If there is a natural body, there is also a spiritual body. 45 So it is written: “The first man Adam became a living being”; Ge 2.7 the last Adam, a life-giving spirit. 46 The spiritual did not come first, but the natural, and after that the spiritual. 47 The first man was of the dust of the earth; the second man is of heaven. 48 As was the earthly man, so are those who are of the earth; and as is the heavenly man, so also are those who are of heaven. 49 And just as we have borne the image of the earthly man, so shall we bear the image of the heavenly man.
50 I declare to you, brothers and sisters, that flesh and blood cannot inherit the kingdom of God, nor does the perishable inherit the imperishable. 51 Listen, I tell you a mystery: We will not all sleep, but we will all be changed— 52 in a flash, in the twinkling of an eye, at the last trumpet. For the trumpet will sound, the dead will be raised imperishable, and we will be changed. 53 For the perishable must clothe itself with the imperishable, and the mortal with immortality.

The apostles had more to say, but that’s the relevant portion.

The Corinthians were Greek, and pagan Greek culture didn’t believe in resurrection. Once you were dead you became a spirit, and stayed a spirit; you existed forever as a spirit. Which was seen as a good thing. Flesh decays and dies, so you wanna be something that never decays and dies—like spirit.

So when Christians started teaching ’em Jesus was gonna raise us all from the dead just like he was raised, the Greeks immediately wanted to know… well, why. If you’re dead, and a ghost, you’re pure spirit; why would you ever want to go back to flesh? Flesh decays and dies! You’re just gonna grow old again. Or you’ll be eternally young; there are Greek myths about eternal youth, so they could handle that idea; but what if, God forbid, something happens to you? What if you accidentally fall off a cliff?—are you gonna live forever with horribly broken bones? Or is God gonna cure everything now? Or maybe you’re now indestructible, and now you can jump off cliffs for fun? How’s this work?

I should point this out: Paul and Sosthenes don’t actually say how it’s gonna work. Which is why Christians are still speculating about that. Me, I think the trees of life Rv 22.2 are gonna cure everything. Other Christians are betting on Superman-style indestructibility. Guess we’ll see.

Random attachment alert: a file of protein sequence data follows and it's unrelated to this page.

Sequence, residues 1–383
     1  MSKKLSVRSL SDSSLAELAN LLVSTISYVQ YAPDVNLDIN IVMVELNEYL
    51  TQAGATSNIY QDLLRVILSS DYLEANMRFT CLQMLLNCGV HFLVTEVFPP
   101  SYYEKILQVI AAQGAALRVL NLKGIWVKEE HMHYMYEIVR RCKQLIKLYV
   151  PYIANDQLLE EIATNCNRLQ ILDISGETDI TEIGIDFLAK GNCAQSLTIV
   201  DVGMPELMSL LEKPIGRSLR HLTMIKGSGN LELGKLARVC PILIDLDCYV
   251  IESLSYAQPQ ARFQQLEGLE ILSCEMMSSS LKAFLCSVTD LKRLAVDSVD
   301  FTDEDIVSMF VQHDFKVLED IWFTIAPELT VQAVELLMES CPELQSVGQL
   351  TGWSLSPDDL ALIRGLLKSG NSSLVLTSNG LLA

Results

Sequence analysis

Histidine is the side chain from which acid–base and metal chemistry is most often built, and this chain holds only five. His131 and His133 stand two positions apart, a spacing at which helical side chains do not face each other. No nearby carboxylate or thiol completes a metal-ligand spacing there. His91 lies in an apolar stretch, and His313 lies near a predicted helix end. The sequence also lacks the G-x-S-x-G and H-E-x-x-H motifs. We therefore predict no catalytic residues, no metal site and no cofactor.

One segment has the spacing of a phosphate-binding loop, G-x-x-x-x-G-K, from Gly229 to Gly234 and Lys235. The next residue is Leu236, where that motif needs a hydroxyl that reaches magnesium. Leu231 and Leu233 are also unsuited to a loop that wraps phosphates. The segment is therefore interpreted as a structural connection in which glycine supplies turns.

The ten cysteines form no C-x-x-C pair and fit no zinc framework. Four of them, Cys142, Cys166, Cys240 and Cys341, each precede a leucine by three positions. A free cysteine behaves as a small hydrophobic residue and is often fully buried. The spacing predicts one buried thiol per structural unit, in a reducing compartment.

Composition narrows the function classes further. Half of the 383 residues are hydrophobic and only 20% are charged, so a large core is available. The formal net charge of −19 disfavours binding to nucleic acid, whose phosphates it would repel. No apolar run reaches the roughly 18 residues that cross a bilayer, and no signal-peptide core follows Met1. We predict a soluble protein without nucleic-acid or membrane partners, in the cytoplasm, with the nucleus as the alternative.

But what they do say is, for those Greeks who are fretting about flesh and blood, the bodies we get after resurrection aren’t gonna be the kind of flesh and blood you’re used to. They’re gonna be as everlasting as spirit. They’re gonna be “spiritual bodies.” That’s not just a wacky idea they just coined; you’re aware there are all sorts of bodies in the universe, like human bodies, animal bodies, bird bodies, planetary bodies, and so forth. Turns out there are also “spiritual bodies,” which don’t decay and die like the bodies you’re used to.

But they’re still bodies.

Now, when Christians read this passage for proof texts, they don’t always think about what it is the apostles are trying to say to ancient Greeks who were curious about how resurrection bodies work. They don’t care about ancient Greeks; they only care about themselves. They’re pretty sure the bible was written for them, not for the ancients too—and really more for the ancients, which is why we gotta know something about ancient history when we read a bible! Anyway these Christians zoom in on the word πνευματικόν/nefmatikón, “spiritual,” and say, “Oh! We’re gonna have ‘spiritual bodies.’ Meaning we’ll be spirits!”—and that’s as far as they try to understand it. They think they do understand it.

To their minds, when we die, we’ll become ghosts. And have ghostly bodies. Which won’t do much here on earth, but in heaven we’ll have the power to touch stuff, including other ghosts; and that’s where we’ll exist from then on.